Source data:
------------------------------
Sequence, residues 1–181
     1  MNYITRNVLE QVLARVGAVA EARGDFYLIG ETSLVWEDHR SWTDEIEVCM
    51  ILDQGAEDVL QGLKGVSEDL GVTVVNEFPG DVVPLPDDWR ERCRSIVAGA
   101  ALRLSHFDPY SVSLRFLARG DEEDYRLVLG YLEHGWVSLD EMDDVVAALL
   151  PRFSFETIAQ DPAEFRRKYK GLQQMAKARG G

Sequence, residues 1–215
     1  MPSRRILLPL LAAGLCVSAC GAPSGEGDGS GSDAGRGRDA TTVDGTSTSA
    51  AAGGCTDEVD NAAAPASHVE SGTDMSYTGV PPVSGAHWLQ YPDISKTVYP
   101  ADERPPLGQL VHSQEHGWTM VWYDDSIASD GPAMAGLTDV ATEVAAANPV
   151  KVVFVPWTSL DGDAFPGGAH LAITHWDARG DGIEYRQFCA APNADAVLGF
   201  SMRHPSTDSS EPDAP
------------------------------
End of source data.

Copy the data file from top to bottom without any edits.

Sequence, residues 1–181
     1  MNYITRNVLE QVLARVGAVA EARGDFYLIG ETSLVWEDHR SWTDEIEVCM
    51  ILDQGAEDVL QGLKGVSEDL GVTVVNEFPG DVVPLPDDWR ERCRSIVAGA
   101  ALRLSHFDPY SVSLRFLARG DEEDYRLVLG YLEHGWVSLD EMDDVVAALL
   151  PRFSFETIAQ DPAEFRRKYK GLQQMAKARG G

Sequence, residues 1–215
     1  MPSRRILLPL LAAGLCVSAC GAPSGEGDGS GSDAGRGRDA TTVDGTSTSA
    51  AAGGCTDEVD NAAAPASHVE SGTDMSYTGV PPVSGAHWLQ YPDISKTVYP
   101  ADERPPLGQL VHSQEHGWTM VWYDDSIASD GPAMAGLTDV ATEVAAANPV
   151  KVVFVPWTSL DGDAFPGGAH LAITHWDARG DGIEYRQFCA APNADAVLGF
   201  SMRHPSTDSS EPDAP